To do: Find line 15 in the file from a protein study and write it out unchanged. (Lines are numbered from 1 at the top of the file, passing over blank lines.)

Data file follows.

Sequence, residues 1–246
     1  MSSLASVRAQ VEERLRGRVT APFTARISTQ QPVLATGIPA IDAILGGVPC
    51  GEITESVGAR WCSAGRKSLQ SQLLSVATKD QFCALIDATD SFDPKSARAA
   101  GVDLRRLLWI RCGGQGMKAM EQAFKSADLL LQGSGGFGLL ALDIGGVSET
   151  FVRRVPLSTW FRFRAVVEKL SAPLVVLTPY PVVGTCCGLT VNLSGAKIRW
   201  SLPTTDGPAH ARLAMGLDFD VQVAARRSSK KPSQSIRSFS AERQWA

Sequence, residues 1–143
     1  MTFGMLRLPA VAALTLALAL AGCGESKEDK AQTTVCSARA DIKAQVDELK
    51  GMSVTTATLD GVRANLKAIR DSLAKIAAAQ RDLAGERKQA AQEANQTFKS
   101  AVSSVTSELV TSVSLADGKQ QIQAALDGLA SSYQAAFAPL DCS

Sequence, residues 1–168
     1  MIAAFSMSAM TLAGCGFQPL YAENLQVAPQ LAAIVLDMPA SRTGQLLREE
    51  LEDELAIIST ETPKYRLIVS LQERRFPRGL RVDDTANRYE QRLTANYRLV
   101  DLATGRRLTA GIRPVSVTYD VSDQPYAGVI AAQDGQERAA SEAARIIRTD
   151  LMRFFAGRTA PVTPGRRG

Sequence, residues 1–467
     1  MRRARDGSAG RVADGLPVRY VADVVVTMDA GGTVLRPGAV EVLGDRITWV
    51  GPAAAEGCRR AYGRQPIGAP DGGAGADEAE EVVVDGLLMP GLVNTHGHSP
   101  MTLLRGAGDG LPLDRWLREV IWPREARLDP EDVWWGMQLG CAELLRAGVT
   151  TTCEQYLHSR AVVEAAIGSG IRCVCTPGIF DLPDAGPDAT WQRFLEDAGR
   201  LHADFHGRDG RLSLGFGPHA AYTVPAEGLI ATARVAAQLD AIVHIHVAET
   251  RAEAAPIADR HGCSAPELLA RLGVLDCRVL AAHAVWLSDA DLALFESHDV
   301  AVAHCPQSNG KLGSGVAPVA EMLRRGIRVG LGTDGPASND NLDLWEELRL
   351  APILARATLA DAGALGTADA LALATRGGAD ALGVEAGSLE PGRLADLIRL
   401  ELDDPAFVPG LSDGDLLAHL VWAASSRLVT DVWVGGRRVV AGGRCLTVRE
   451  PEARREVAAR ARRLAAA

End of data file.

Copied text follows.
   151  LMRFFAGRTA PVTPGRRG